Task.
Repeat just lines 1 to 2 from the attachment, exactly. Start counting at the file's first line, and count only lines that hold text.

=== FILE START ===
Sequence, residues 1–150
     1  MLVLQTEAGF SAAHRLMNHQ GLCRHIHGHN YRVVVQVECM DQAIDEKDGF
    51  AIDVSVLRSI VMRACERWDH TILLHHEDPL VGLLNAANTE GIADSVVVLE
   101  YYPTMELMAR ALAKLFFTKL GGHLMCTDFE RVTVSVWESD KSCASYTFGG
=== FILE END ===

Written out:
Sequence, residues 1–150
     1  MLVLQTEAGF SAAHRLMNHQ GLCRHIHGHN YRVVVQVECM DQAIDEKDGF